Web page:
Yes, in the beginning we did. It was very hurtful. But over time, as people heard Connor’s story and saw him getting better, they became more open-minded and eventually started asking for advice about whether cannabis might help their aliments.
Why did you start Connor Sheffield Foundation and advocating for medical cannabis in Maryland and beyond?
It really was not a choice. There were many laws that needed to be changed when it comes to medical cannabis access just to let patients live their lives. Connor had to go to school because he was well enough to go, so he didn’t technically qualify for Home and Hospital anymore. I could have gotten in trouble if I just didn’t send him to school, and we didn’t have the money to pay for home school. So we were forced to fight for just a basic right of him being able to take his medicine at school, like every other medicine. Connor is currently fighting for access to his medical cannabis at medical facilities. His mission is to support cannabis research because right now everything is trial and error with medical cannabis. There are so many different strains and forms in which cannabis can be taken, and we believe research will not only help people know which strains/forms of cannabis are more helpful for their diagnosis, but prove it with medical research studies backed by universities.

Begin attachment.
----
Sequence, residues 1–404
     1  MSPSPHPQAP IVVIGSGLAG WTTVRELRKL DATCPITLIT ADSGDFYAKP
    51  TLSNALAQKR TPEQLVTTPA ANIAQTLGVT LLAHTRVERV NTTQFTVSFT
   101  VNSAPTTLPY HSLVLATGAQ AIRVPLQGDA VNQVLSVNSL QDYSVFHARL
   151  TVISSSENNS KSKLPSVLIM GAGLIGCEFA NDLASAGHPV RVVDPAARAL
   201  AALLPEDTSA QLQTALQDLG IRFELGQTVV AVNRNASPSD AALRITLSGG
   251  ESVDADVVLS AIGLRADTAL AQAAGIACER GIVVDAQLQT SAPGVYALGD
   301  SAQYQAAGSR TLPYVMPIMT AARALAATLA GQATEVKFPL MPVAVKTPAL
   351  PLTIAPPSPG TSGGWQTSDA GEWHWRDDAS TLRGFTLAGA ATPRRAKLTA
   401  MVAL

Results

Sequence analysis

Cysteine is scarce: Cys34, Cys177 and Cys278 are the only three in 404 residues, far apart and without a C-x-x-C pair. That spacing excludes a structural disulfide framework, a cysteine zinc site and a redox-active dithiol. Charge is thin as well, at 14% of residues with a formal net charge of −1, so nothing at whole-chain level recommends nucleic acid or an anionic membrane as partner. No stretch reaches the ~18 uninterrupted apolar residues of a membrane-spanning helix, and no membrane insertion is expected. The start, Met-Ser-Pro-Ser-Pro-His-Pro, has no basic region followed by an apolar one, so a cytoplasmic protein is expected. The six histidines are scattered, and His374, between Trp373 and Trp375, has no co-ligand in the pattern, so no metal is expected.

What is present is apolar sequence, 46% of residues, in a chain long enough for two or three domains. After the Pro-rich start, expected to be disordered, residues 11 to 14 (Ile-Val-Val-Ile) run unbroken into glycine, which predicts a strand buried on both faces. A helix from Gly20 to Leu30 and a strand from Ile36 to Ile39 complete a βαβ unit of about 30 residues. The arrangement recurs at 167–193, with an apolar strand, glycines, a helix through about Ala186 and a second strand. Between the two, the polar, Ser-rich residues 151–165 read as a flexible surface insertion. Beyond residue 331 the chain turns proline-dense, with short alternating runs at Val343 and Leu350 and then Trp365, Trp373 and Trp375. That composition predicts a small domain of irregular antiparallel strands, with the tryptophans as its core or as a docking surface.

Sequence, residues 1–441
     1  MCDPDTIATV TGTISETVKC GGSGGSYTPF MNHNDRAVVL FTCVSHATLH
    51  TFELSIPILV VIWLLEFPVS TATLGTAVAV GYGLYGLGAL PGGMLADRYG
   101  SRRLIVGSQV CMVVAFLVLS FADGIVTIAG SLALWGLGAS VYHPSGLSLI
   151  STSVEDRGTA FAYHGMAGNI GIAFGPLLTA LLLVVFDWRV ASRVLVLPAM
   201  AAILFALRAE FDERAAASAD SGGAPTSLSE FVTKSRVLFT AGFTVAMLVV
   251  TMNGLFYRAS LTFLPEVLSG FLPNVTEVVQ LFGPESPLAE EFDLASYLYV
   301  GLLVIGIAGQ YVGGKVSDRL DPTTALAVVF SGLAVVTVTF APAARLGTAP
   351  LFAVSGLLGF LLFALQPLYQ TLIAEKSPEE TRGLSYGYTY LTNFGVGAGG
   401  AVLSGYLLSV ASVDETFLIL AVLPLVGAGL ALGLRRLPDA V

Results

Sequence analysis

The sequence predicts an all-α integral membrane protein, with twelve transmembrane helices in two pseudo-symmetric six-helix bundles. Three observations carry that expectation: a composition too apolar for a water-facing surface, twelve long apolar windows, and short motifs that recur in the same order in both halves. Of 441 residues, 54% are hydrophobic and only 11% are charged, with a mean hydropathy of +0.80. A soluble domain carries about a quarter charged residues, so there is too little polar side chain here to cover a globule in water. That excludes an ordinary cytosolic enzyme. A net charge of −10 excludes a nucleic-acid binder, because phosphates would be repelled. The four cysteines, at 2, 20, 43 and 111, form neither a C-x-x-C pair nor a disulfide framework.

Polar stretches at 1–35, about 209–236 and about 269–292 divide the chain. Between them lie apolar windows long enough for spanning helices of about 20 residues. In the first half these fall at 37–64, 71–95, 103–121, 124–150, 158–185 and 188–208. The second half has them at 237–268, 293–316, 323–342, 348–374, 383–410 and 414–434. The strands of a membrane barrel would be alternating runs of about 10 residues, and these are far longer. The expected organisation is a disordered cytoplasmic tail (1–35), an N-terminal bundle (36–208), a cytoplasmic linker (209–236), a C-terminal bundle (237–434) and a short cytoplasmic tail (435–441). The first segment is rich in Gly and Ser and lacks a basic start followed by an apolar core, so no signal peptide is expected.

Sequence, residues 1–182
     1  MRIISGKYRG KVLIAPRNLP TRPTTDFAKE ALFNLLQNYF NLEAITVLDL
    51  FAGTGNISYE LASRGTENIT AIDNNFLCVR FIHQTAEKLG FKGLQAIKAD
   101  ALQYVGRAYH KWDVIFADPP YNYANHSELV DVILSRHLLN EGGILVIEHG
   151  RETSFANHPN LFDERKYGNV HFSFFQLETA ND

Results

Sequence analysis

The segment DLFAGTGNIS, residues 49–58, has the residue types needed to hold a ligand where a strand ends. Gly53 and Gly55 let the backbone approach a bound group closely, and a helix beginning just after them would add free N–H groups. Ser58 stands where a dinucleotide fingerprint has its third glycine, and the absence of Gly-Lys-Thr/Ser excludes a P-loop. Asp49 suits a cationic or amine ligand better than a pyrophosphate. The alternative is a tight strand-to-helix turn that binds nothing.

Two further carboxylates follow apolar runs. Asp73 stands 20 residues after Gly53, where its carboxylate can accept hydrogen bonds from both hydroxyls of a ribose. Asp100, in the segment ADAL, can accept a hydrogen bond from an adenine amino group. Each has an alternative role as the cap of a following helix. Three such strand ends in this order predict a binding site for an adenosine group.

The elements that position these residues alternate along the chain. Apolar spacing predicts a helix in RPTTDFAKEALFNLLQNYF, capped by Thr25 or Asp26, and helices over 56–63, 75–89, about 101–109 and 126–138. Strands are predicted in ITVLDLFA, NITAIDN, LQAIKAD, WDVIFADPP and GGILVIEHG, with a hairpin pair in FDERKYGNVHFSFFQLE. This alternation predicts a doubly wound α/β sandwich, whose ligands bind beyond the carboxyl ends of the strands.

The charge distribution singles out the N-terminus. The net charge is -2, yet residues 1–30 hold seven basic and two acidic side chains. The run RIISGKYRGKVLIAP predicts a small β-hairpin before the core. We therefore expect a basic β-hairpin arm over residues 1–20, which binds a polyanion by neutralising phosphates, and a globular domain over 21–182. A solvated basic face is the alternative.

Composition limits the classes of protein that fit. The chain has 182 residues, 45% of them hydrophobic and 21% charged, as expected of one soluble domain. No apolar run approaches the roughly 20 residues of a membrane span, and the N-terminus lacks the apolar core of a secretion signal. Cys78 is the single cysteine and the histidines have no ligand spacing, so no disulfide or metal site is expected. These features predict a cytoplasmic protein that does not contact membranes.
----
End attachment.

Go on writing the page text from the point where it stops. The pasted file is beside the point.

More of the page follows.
What would you want other parents who are skeptical about their children using medical cannabis to know about your journey and medical cannabis?
I would tell them not to be afraid. Learn as much as you can and be open minded.
What would you want politicians who oppose cannabis laws that help patients, especially kids like Connor?
I want them to know that they are standing in the way of human beings being able to live. They are restricting the right to medicine. They are hindering the further development of research that could save lives. Every wall that is in front of us holds us up from moving forward. We want to educate every politician on the benefits of the medical use of this plant.
What does Women’s History Month mean for you?
I believe it is a great time to highlight that women have gone underrepresented. We must never forget that there is a legal medical cannabis program because of the strength of mothers of sick or disabled children who fought for it. They have the most reason in their hearts to make a change because they are fighting for their kids’ lives in some instances.
What is one thing you’d like to see change to create a more equal society for women (and people of all genders)?
Support women-owned business, empower mothers, denounce discrimination, and vote women into positions of power. Don’t just accept differences, celebrate them.
How can people connect with you and Connor Sheffield Foundation?
Thank you, Tricia, for taking the time to share your and Connor’s story with us! Look out for more profiles of our female team members and patients throughout Women’s History Month!